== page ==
After Vince Staples finished his set, a silky purple curtain dropped over the stage. King Krule’s sonorous, scratchy voice oozed over the shuffling audience, which slowly condensed closer to the stage. It’s the typical Tyler, the Creator audience — 16-year-old white boys clad in Supreme, septum rings galore, Golf le Fleur as far as the eye can see. But there’s something comforting about it all. Even after years of maturity and refining his music, he retains the intolerable, insatiably enthusiastic fan base he had at the peak of the Odd Future Wolf Gang Kill Them All (OFWGKTA) “donut-Sk8 Hi” era.
The lights went down, a projection of fat, abstract leaves descended on the purple curtain and, in a sharp crescendo, the violins from “Where This Flower Blooms” came in and the curtain dropped. At the top of a staircase covered in huge plastic leaves, Tyler stood facing away from the audience. He wore a bright green traffic officer’s vest with a matching set of shorts. On his back was a tiny cartoon angel with the words “child of golf” inscribed in bubble letters. He took off his hat to reveal the leopard print buzz cut he sported at the Grammys the night before.
As the “I rock, I roll’s” burst out of the speakers, Tyler flailed down the stairs, two steps down and one step up. When he reached the bottom of the stairs, he grooved and schmoneyed across the stage to Frank Ocean’s verses. His crowd was fully engrossed, screaming Ocean’s choruses back to him. The instrumentals stopped, Tyler yelled, “I grow!” and the “Flower Boy” concert began.
The stage faded into a golden glow and Alex O’Connor, the man behind Rex Orange County, led the audience into the track with his English accent. The audience knew every lyric to the song’s intro, and when the the song dipped into Tyler’s verses, he got the crowd revved up. Two guys from Tyler’s posse — left onstage mixing the beats — had their hands in the air, getting even more hyped than Tyler as “boredom, boredom, boredom,” bounced through the Armory.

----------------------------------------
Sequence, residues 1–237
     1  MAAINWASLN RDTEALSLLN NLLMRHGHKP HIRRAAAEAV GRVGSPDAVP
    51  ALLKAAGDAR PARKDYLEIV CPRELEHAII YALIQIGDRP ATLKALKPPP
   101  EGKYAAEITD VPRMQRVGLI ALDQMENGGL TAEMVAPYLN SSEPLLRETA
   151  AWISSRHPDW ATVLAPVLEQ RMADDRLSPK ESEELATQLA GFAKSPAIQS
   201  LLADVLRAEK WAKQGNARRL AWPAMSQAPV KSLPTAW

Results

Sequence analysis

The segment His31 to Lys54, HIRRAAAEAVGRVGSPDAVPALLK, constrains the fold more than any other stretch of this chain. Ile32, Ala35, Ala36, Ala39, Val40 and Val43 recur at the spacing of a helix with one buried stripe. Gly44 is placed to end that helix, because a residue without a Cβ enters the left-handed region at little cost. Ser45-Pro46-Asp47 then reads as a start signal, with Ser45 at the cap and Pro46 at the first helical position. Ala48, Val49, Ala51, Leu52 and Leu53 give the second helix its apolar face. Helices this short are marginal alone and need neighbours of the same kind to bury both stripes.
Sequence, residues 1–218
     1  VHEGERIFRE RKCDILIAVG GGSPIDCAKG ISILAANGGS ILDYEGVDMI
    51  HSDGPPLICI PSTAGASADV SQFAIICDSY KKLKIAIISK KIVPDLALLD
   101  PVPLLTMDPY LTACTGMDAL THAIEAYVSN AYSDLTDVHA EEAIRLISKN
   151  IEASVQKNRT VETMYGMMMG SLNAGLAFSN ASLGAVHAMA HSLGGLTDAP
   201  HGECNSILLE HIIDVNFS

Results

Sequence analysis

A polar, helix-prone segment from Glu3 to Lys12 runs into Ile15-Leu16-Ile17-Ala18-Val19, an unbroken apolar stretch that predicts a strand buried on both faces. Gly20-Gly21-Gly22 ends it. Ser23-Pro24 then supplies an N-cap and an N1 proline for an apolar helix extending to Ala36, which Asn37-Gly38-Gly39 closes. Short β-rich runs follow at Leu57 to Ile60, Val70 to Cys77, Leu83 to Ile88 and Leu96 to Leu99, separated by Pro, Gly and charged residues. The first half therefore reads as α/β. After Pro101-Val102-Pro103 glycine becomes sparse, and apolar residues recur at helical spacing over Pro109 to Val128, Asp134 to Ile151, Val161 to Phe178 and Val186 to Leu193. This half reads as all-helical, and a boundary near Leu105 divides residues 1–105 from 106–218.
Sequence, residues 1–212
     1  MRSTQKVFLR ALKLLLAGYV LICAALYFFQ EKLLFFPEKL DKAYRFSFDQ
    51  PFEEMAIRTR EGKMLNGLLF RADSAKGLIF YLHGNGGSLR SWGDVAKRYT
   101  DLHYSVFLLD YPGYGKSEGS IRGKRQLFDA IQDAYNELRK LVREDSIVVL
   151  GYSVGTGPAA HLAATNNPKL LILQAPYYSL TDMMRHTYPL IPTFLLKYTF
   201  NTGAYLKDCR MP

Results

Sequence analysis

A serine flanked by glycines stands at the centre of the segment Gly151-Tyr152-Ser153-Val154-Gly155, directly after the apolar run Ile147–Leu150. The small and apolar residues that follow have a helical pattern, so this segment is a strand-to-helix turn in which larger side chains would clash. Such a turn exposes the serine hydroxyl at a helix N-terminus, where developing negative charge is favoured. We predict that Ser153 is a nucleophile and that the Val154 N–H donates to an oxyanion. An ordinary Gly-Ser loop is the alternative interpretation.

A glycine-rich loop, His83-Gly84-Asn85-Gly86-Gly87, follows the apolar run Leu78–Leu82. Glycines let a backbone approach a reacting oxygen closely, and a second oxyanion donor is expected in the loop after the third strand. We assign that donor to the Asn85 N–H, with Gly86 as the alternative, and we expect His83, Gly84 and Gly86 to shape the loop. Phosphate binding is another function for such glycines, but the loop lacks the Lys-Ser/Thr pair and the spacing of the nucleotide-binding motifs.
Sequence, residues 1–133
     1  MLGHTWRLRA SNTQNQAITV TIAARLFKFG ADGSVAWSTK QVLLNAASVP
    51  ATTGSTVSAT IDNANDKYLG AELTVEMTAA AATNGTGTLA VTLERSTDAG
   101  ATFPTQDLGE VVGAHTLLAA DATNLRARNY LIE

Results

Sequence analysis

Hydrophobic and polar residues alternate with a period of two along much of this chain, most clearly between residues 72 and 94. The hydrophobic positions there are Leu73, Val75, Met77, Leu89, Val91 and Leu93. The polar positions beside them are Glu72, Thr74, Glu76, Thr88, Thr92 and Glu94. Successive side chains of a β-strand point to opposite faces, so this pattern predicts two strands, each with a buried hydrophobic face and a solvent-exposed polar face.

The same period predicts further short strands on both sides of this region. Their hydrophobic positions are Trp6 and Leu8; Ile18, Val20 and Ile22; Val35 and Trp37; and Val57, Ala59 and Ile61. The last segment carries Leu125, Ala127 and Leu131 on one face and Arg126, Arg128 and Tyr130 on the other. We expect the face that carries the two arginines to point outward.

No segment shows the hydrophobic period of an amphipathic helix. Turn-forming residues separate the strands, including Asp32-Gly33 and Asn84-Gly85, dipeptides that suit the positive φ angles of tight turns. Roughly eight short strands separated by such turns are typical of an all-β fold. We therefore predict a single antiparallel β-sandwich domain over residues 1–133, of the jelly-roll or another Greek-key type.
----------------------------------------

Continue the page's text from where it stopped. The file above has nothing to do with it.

The stage grew dark red and Tyler ripped into “911.” While he’s more tame on Flower Boy than on previous albums, onstage Tyler was ripping through the verses and he had the audience thrashing in a Goblin kind of way. With Flower Boy, there was a chance that maybe, just maybe, this would be the start of a more sensitive, R&B Tyler and 2018 would be full of the jazzy doo-wops of Tyler’s “Tiny Desk” concert.
Well, don’t say goodbye just yet to the man who came out with the politically incorrect monstrosity of Cherry Bomb. “911” wrapped up and Tyler screamed, “That was hot!” He repeated it a few more times until he whipped his head with a towel and screamed, “That was hot!” as if orgasming in front of his sold-out show. As he emphatically shouted, “I’m moist,” one couldn’t help but feel a longing for OFWGKTA’s Adult Swim show, “Loiter Squad.”
He then ripped into “Mr. Lonely,” arguably one of the saddest songs on Flower Boy. He got the crowd hushed as he moped around the stage singing “I can’t even lie, I’ve been lonely as fuck.” It became immediately obvious how much control Tyler had over the audience members when he could, within four bars, get them moshing to his lyrics about how isolating life can be as a performer. While the crowd followed his lead, it went from calm and engaged to absolutely apeshit — almost hypnotized by Tyer’s captivating performance.
As flower-shaped projections swirled on the ceiling, Tyler performed some of the older songs that jump-started his career. He sang “IFHY” with a backdrop of LED stars — dedicating it to the fans who had been there with him since the beginning, before Flower Boy had brought him so much attention.
In a sensitive, rather predictable finale, Tyler ended the show with “See You Again” — the fourth track on the album featuring R&B singer Kali Uchis. It was cute to see him groove across the stage, singing over Uchis’ choruses in the song. And because his show was so popular, the Armory added another date for the next night, so Tyler shouted, “I’ll probably see some of y’all motherfuckers tomorrow.”
Annalise Kamegawa covers music. Contact her at [email protected].